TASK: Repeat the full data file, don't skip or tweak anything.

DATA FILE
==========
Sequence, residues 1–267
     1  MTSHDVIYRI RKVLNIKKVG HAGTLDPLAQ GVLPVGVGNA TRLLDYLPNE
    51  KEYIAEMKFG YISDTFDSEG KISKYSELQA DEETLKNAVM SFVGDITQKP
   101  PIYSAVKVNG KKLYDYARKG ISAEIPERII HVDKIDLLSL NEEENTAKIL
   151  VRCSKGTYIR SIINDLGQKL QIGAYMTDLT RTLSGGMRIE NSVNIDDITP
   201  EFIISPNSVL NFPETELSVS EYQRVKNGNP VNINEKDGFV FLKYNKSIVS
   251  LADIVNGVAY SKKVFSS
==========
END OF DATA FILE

Sequence, residues 1–267
     1  MTSHDVIYRI RKVLNIKKVG HAGTLDPLAQ GVLPVGVGNA TRLLDYLPNE
    51  KEYIAEMKFG YISDTFDSEG KISKYSELQA DEETLKNAVM SFVGDITQKP
   101  PIYSAVKVNG KKLYDYARKG ISAEIPERII HVDKIDLLSL NEEENTAKIL
   151  VRCSKGTYIR SIINDLGQKL QIGAYMTDLT RTLSGGMRIE NSVNIDDITP
   201  EFIISPNSVL NFPETELSVS EYQRVKNGNP VNINEKDGFV FLKYNKSIVS
   251  LADIVNGVAY SKKVFSS